The advent of the shale gas and oil boom is, in my opinion, one of the most exciting economic developments of my lifetime. Many will say that we're still in the early innings, and if that's the case, then Magnum Hunter Resources (NYSE:MHR) just might still be getting warmed up. Let's take a quick look at three things you need to know about this shale-focused exploration and production company.
It's focused on the three best plays
It seems like we're finding new shale resources every year. So far, the best of the best plays have been the Eagle Ford in Texas, the Bakken in North Dakota, and the Marcellus/Utica in Ohio, West Virginia, and Pennsylvania. It just so happens that those are the very three plays that Magnum Hunter is pouring capital into.
The company is spending $300 million this year to develop its acreage across these three great shale plays. That's a lot of money for a company with an enterprise value of $1.7 billion. It expects that this capital will enable it to grow production from its current range of 18,000-20,000 barrels of oil equivalent per day (boepd) to a range of 23,000-25,000 boepd by the end of this year. Increasingly, that production will be liquids-rich.
It's getting wet
Until this year, more than half of Magnum Hunter's production was natural gas. Going forward, the company will be much more focused on liquids. A big reason for that is because the company has been growing its liquids reserves, which now stand at 62.9% of its current proved reserves.
If you're paying attention to the oil and gas industry these days then you know that the focus has been shifting to liquids. A large swath of companies are devoting most, if not all of their capital, to liquids-rich acreage. As examples, former natural gas champions like Devon Energy (NYSE:DVN) and Chesapeake Energy (NYSE:CHK) are now both trumpeting liquids growth.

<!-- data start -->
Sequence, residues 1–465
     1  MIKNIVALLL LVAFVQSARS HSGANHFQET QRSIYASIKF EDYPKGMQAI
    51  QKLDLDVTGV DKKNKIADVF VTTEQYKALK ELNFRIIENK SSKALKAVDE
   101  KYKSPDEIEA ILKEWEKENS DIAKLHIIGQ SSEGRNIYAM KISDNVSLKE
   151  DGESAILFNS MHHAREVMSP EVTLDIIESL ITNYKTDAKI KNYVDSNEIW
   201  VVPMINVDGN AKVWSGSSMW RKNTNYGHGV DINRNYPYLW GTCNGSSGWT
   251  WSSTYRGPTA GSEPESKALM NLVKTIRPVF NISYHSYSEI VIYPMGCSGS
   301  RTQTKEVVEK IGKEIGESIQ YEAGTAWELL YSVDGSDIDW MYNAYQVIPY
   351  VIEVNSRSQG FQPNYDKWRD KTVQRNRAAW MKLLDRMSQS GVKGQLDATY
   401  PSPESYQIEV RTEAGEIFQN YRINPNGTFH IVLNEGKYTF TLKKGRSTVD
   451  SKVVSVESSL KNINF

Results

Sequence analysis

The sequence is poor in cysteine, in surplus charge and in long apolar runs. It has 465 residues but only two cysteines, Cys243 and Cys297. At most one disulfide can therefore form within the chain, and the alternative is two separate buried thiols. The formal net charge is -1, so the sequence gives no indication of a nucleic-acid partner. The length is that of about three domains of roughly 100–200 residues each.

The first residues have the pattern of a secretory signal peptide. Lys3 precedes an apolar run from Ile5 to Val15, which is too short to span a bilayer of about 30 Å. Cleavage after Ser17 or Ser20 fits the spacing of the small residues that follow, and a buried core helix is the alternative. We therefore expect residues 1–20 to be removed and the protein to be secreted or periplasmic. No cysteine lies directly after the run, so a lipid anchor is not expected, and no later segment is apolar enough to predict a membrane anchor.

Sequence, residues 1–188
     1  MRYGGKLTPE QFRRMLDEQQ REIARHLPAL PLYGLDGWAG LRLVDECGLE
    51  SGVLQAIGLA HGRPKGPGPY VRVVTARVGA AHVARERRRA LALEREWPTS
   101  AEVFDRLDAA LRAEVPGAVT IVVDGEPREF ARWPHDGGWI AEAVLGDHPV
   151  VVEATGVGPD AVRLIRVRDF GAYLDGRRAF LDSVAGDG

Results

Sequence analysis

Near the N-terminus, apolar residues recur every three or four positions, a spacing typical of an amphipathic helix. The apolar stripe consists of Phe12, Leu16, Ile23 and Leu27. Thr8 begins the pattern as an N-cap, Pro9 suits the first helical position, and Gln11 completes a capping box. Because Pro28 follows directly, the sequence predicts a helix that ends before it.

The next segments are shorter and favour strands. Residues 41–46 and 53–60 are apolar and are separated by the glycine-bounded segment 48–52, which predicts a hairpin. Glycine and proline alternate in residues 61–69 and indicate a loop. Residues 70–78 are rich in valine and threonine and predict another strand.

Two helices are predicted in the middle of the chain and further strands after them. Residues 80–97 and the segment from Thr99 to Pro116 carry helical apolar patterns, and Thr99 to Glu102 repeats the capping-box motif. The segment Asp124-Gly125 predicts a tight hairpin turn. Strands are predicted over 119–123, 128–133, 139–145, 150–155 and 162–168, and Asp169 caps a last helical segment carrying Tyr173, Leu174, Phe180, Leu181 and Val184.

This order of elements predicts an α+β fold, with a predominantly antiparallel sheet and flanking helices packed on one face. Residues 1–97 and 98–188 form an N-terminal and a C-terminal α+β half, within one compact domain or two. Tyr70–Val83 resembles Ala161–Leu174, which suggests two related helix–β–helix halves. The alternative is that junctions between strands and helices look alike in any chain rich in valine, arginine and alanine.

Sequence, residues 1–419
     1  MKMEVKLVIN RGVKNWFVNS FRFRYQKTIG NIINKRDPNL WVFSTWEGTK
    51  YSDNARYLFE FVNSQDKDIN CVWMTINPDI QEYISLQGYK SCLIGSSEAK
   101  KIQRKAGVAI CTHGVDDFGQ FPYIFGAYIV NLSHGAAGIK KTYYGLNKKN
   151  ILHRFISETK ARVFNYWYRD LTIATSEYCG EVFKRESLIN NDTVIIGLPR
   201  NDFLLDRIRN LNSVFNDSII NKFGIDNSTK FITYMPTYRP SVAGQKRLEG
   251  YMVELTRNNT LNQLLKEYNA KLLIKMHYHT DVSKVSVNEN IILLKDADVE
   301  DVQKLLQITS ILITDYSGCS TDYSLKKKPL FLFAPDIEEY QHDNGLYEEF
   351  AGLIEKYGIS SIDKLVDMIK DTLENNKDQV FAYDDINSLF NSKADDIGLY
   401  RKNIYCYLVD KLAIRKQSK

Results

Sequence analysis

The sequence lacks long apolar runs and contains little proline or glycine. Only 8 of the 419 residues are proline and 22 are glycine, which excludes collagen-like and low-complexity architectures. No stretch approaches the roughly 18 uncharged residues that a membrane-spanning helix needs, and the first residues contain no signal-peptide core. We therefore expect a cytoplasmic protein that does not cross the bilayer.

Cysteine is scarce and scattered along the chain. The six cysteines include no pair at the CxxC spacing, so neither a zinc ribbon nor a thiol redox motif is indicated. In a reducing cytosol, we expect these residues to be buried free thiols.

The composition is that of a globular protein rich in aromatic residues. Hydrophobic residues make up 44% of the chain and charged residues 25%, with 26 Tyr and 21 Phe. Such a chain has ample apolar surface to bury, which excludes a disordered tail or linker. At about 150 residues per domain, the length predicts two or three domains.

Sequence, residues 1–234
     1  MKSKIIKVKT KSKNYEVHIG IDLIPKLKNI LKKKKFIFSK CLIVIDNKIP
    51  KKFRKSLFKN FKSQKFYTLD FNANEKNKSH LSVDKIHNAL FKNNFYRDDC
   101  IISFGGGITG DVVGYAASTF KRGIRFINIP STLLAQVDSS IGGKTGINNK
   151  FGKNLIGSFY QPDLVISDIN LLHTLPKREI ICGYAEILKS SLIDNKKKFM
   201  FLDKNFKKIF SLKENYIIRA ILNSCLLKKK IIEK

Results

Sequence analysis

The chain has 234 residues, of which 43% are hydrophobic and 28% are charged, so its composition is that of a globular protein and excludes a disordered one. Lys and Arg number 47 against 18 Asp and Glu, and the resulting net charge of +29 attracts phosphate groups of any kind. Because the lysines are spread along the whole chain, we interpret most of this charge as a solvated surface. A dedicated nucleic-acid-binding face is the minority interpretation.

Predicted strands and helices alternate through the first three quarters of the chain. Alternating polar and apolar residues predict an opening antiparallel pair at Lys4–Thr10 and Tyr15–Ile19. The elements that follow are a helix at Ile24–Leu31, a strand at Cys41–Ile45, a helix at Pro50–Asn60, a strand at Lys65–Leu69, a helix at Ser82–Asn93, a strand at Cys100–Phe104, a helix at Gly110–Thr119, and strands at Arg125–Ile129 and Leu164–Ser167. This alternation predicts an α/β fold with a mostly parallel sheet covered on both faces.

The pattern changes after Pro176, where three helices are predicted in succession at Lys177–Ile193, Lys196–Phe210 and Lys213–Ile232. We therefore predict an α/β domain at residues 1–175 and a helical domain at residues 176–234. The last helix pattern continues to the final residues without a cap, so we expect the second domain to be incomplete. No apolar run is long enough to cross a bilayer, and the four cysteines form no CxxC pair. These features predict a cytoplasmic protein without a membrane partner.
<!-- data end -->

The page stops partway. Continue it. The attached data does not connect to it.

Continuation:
Chesapeake, which is the No. 2 producer of natural gas in the U.S., is quick to point out that it's the 11th-largest liquids producer as well. It's aiming to grow its liquids production by 29% this year alone and end the year with at least 25% of its production being liquids. Devon, which is the fourth-largest natural gas producer isn't spending any money to grow natural gas production. Instead, it expects a decline in production, while its oil production is expected to grow nearly 20%, and its natural gas liquids production should grow around 10% this year. Needless to say, Magnum is in good company.
Eureka! It has midstream assets too!
One other interesting tidbit about Magnum is that it owns a stake in Eureka Hunter Midstream. The company's equity interest is valued at over $300 million and the asset is being structured for a possible MLP rollout. Among Eureka's assets are a pipeline that's strategically located in the heart of the "wet gas corridor" in the Marcellus. It also has a presence in the Eagle Ford and has expansion potential into the Utica. It's a nice, stable, add-on business that could be used at some point as another source of capital; much like Chesapeake did with Access Midstream.
My Foolish take
Magnum Hunter is an interesting company to watch. It has loads of potential with its fast growing liquids business focused on the three best plays in the U.S. However, its balance sheet adds an element of risk given the amount of debt the company has taken on. It will be interesting to watch how this company is able recover the cash it is spending on capital initiatives. If operating cash flow is able to fund these expansion projects rather than adding additional leverage to the balance sheet, then Magnum Hunter could join the ranks of the top independent exploration and production companies in the business.
Fool contributor Matt DiLallo has no position in any stocks mentioned. The Motley Fool owns shares of Devon Energy and has the following options: Long Jan 2014 $20 Calls on Chesapeake Energy, Long Jan 2014 $30 Calls on Chesapeake Energy, and Short Jan 2014 $15 Puts on Chesapeake Energy. Try any of our Foolish newsletter services free for 30 days. We Fools may not all hold the same opinions, but we all believe that considering a diverse range of insights makes us better investors. The Motley Fool has a disclosure policy.